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The AP creates team of statehouse reporting specialists

The Associated Press

The Associated Press announced Thursday it will create “a team of state government specialists” in an effort to bolster coverage of statehouses across America:

As announced today to the AP staff, the specialists will collaborate with statehouse reporters, as well as on their own projects and stories focused on government accountability and strong explanatory reporting. Their over-arching goal will be “to show how state government is impacting the lives of people across the country,” said Brian Carovillano, managing editor for U.S. news.

The new team will “be a resource to our statehouse reporters looking for help broadening the scope of their reporting,” Brian Carovillano, AP’s managing editor for U.S. news, wrote in a brief Q and A accompanying the announcement. They will also work with a projects team that will turn out “ambitious enterprise” journalism on state government.

“The message here is that state government coverage is essential to AP and its members, and we are doubling down on that commitment, which should benefit the entire cooperative,” Carovillano wrote. Read more

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Washington Post, Texas Tribune will be publishing partners

The Washington Post | The Texas Tribune

The Washington Post and The Texas Tribune announced Thursday they will begin a partnership that includes “shared editorial content, collaboration on events and more.”

The Texas Tribune, a non-profit newsroom based in Austin, Texas, will give The Post “exclusive outside-of-Texas access” to its stories, writes Post Executive Editor Martin Baron. Tribune reporters will also contribute to a broad swath of sections on The Post’s website, including The Fix, Post Politics, GovBeat and PostTV.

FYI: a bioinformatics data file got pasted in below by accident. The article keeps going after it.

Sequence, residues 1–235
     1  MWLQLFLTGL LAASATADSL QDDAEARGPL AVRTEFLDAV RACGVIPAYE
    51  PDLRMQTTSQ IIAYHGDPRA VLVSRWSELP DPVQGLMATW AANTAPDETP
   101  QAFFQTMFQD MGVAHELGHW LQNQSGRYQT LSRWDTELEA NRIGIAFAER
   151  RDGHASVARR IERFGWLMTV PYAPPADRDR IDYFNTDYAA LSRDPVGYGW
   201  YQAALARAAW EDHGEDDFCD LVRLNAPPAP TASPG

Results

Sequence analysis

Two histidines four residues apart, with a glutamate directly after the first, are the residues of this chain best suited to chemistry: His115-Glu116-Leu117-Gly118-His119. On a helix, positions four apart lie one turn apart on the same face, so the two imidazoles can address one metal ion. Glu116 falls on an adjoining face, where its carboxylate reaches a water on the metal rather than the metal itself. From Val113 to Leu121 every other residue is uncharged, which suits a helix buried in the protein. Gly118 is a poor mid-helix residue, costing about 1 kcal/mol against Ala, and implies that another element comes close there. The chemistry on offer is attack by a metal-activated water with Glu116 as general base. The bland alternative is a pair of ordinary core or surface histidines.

Together we’ll pursue a presidential debate in Texas while also co-sponsoring events. The first event, a half-day symposium titled “Texas on the Potomac,” is scheduled for January 29 in Washington.

We and The Texas Tribune have worked together on many occasions in the past in the realm of events, videos, and print and online stories. We’re now forging a closer relationship that offers exceptional opportunities to both of us.

In return, the Tribune will get “early budget lines on Texas-specific journalism” from The Post and permission to cross-post that content, Baron writes. Read more

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New Pew study finds most people OK trading privacy for valued digital services

The Pew Research Center this morning released the last of seven studies on where digital life is headed in the next decade — this one focused on privacy concerns.

A survey of experts revealed split opinion on whether there will be a trusted privacy-rights infrastructure in place by 2025.  But there was strong consensus on both sides that for right now people accept a degree of tracking as a fair trade for getting services, typically for free, that they value and use daily.

What’s the implication for media, with many outlets betting the franchise these days that they can develop higher priced advertising as they harvest data on what you prefer and perhaps where you are?

That is not addressed directly in the report, Pew director of Internet research Lee Rainie told me in a phone interview, but the implications are clear.

“The Internet of things,” will up the ante on privacy, Rainie said.  Read more

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As Serial adjourns, the Internet gives a collective shriek

Serial, the podcasting phenomenon that launched a thousand hot takes, has just ended its first season. If you could call what happened this morning an ending.

Before you read any further, you should know that this article contains spoilers. Not any spoilers of the definitive, open-and-shut-case kind, but rather a hair-tearing, foot-stomping reaction to a months-long murder mystery that we’ve all become hugely invested in. Here’s what Serial listeners had to say about the season one finale: